Bio-modelling seminar by Nikos Alexandridis: Biological traits help build mechanistic models of benthic biodiversity
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Welcome to a talk in the bio-modelling seminar series, which is a collaboration between the mathematics, biology and physics departments. The talk is intended for a mixed audience from these departments.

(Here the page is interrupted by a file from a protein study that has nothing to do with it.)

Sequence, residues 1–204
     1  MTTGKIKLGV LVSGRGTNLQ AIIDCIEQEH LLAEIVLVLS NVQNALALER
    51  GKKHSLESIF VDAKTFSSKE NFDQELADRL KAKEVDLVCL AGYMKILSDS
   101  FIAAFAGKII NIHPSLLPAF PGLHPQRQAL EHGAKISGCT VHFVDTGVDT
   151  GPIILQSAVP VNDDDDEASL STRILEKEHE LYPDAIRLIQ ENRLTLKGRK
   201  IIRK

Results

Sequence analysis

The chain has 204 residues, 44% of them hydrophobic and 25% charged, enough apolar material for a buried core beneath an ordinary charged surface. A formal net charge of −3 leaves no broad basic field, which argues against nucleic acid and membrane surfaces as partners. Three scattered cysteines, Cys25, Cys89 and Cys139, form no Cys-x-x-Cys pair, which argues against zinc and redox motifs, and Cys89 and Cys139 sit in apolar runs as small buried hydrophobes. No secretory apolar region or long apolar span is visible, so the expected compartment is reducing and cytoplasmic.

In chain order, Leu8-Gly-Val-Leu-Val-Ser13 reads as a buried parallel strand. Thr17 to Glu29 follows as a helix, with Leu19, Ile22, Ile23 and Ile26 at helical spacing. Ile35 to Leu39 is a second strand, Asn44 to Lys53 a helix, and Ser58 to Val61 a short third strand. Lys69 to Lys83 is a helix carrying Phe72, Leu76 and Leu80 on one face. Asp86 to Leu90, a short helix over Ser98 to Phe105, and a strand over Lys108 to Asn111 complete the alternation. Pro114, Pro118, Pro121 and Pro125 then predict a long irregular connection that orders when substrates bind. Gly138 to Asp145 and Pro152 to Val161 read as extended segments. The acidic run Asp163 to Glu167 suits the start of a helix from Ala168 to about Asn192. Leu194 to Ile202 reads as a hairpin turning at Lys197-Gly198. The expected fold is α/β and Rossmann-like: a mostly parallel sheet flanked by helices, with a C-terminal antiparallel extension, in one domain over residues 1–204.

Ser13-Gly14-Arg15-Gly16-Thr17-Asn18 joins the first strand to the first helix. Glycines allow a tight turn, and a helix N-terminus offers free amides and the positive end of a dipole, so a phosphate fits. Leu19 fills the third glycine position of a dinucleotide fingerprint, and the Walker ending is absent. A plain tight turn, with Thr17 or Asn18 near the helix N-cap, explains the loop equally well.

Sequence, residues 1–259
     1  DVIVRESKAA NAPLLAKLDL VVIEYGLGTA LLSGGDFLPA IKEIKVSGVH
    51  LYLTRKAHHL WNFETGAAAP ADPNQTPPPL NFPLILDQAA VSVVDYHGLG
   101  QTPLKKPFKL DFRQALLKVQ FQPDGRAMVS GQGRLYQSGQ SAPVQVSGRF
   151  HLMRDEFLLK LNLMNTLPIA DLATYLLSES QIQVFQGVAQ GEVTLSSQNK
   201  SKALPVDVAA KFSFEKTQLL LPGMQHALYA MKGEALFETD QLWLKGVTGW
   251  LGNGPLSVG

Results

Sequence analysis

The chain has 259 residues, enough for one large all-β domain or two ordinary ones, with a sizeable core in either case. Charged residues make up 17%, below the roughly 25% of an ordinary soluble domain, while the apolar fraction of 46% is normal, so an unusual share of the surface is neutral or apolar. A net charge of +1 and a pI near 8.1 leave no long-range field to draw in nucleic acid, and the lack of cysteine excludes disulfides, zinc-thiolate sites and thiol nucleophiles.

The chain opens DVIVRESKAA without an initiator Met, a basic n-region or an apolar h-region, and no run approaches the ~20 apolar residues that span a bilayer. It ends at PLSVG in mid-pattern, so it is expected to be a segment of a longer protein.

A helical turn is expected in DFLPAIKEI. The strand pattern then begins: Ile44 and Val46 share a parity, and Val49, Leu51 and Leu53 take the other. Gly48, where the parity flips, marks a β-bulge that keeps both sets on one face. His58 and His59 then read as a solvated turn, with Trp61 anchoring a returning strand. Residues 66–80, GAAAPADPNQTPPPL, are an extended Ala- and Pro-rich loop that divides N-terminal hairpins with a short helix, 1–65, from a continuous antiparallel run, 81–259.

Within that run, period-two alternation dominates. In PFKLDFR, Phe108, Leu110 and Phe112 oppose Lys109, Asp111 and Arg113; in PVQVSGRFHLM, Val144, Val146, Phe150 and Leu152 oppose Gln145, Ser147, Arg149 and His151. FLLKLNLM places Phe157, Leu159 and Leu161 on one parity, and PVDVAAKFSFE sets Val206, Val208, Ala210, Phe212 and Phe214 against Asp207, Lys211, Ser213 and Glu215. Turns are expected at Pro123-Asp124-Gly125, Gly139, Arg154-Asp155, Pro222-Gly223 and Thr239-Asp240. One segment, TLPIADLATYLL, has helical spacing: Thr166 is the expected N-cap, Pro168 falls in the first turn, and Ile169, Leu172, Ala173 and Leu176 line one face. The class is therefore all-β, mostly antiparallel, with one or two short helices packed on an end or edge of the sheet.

Abstract: Benthic macroinvertebrates are part of complex networks of interactions. The spatial and temporal scales of the processes that form the basis for these interactions have traditionally restricted their empirical investigation. The application of a mechanistic modelling framework for the analysis of the system seems fitting, but it requires the derivation of a few model entities with a clear functional role. We collected species biological traits and employed the emergent group hypothesis to define model entities in a systematic and objective manner. The resulting grouping was tested against theoretical expectations and the results supported its ability to represent functional diversity. The lack of detailed knowledge for the attribution of relationships among functional components was addressed with the help of ecological theories that predict the existence of trade-offs operating at both large and small spatial scales. In a first conception of the system, these trade-offs were incorporated in the form of general rules of interaction into qualitative models of the functional groups. Still, the goal of studying the temporally and spatially explicit behaviour of benthic biodiversity could only be reached through an approach with the same characteristics. An individual-based model was, therefore, developed, transferring the rules of interaction from the qualitative models to a dynamic and spatially explicit framework. Initial results demonstrate its potential to reproduce benthic biodiversity patterns.